Sen. Kaine introduces authorization of military force against ISIL
Today, U.S. Senator Tim Kaine, a member of the Senate Armed Services Committee and Chairman of the Foreign Relations Subcommittee on Near Eastern and South and Central Asian Affairs, will introduce a narrow and specific authorization for use of military force against ISIL.
As the Foreign Relations Committee prepares to draft a tailored authorization to provide President Obama with authority in the mission to degrade and destroy ISIL, Kaine’s proposal is meant to reinforce the President’s strategy, as well as set key limitations he hopes will be included in final authorizing language for broader Congressional consideration.
In announcing the proposal, Kaine said: “Last week, President Obama laid out a strong case for the need to degrade and destroy ISIL and invited broader Congressional support for this effort. I was heartened when Foreign Relations Committee Chairman Menendez answered this call by saying the committee would soon craft authorizing language for the U.S. military mission. It’s my hope that this proposal will help move the ball forward on what a specific and narrow authorization for limited military action against ISIL should look like – one that bars the deployment of U.S. ground combat troops except for rescue missions or limited operations against high-value targets, and sunsets in one year so that progress can be assessed before continuing the mission. I also propose the repeal of the obsolete 2002 Iraq War authorization. If Congress isn’t willing to do the hard work – to debate and vote on an authorization – we should not be asking our servicemembers to go into harm’s way.”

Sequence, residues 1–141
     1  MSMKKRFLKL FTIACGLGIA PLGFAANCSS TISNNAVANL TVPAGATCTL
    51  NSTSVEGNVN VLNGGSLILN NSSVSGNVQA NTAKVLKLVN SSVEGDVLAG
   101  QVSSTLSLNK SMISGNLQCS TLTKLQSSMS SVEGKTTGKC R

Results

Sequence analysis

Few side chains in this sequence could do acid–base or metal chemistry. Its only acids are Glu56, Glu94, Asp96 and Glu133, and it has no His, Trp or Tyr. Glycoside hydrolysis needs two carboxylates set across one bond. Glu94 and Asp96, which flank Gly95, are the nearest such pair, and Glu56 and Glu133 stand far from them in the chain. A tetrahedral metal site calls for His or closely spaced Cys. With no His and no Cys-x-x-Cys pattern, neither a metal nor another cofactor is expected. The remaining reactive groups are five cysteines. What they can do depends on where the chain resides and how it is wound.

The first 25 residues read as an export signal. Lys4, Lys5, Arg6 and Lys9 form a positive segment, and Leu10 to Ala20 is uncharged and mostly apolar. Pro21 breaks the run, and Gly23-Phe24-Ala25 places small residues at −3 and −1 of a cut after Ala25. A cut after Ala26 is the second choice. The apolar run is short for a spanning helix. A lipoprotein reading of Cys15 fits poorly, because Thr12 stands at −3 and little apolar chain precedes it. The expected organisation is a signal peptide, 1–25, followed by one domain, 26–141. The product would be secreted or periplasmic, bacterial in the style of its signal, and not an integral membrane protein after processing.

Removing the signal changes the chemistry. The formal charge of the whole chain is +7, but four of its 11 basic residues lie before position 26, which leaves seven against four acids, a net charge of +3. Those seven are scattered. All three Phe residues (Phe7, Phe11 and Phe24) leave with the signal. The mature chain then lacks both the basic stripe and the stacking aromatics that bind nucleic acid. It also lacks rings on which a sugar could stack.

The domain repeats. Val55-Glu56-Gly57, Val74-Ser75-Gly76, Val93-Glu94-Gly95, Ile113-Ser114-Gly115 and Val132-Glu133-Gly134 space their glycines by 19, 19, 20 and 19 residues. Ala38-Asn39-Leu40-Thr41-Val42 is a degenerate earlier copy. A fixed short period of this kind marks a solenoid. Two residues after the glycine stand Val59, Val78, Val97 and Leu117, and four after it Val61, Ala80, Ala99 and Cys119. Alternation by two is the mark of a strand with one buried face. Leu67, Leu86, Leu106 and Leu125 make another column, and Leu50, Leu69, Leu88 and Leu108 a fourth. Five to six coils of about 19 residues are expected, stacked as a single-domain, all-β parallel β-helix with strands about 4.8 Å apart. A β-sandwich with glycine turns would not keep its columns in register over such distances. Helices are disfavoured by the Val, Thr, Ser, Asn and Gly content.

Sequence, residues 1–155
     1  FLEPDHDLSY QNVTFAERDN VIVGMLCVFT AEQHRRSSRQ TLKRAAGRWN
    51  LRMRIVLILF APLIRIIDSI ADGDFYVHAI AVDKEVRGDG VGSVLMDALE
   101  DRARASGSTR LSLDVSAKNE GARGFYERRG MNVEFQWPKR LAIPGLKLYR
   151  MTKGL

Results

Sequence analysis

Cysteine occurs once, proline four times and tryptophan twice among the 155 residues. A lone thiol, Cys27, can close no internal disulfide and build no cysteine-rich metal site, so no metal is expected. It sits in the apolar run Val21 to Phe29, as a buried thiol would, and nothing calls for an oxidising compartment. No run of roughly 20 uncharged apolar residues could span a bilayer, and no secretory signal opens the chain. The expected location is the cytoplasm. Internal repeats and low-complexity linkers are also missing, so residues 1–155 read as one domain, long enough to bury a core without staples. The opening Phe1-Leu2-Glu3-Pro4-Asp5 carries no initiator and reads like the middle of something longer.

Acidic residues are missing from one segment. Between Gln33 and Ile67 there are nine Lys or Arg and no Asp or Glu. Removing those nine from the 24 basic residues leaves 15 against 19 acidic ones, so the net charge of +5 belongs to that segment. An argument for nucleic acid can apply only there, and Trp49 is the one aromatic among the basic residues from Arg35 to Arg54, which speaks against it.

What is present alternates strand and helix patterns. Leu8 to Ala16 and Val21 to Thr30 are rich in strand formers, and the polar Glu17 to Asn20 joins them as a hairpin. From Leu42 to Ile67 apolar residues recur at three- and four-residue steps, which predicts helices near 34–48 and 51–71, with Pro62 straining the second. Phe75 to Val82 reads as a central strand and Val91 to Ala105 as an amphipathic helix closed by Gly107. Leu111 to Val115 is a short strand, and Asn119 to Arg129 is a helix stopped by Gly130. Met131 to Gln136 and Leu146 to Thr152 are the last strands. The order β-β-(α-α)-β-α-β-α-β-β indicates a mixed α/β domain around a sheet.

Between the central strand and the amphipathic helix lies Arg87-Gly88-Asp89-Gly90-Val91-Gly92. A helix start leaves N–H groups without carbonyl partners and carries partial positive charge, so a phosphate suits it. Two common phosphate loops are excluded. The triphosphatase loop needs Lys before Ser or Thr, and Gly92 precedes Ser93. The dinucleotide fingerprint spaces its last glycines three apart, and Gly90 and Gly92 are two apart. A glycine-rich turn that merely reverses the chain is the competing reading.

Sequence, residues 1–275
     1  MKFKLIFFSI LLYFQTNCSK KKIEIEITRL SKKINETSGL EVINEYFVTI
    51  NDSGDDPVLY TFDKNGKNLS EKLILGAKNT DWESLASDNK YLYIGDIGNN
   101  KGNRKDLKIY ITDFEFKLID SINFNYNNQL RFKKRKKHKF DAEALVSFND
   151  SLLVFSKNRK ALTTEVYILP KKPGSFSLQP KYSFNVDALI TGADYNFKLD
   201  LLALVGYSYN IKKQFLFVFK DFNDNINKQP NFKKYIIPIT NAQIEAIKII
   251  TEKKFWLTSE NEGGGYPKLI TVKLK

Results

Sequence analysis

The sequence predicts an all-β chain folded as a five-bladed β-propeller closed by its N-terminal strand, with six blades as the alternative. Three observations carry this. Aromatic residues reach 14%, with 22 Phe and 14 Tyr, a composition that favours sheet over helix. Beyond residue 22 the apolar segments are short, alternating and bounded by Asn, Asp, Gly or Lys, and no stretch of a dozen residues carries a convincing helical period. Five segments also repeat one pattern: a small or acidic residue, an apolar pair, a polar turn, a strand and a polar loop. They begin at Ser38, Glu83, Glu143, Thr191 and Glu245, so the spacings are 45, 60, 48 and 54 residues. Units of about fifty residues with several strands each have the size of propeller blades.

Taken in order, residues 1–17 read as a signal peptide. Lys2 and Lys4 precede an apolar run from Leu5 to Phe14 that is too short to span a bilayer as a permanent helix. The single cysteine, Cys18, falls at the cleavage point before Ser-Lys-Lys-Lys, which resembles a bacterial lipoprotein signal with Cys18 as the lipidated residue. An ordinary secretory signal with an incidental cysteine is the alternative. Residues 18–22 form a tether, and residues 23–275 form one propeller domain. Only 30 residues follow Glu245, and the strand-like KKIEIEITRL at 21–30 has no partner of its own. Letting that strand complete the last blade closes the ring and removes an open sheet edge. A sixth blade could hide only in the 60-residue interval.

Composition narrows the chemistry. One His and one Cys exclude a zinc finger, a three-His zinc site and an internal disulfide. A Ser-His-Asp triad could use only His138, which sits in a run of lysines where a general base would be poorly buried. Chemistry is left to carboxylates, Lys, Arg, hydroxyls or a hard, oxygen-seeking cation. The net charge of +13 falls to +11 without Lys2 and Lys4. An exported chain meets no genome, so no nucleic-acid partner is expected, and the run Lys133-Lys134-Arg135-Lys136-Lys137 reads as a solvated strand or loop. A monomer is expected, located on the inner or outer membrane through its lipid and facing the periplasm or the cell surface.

The authorization is specific to ISIL and supports President Obama’s key pillars: a multinational effortto degrade and destroy ISIL, the use of necessary and appropriate force in a campaign of air strikesagainst ISIL in Iraq and Syria and the provision of military equipment to appropriately vetted forces in Iraq and Syria, including the Iraqi security forces, Kurdish fighters, and other legitimate, appropriately vetted, non-terrorist opposition groups in Syria.
It also includes four key limitations:
1) No U.S. ground troops;
2) Repeal of the 2002 Iraq Authorization for Use of Military Force;
3) Sunset after one year;
4) Narrow definition of “associated forces.”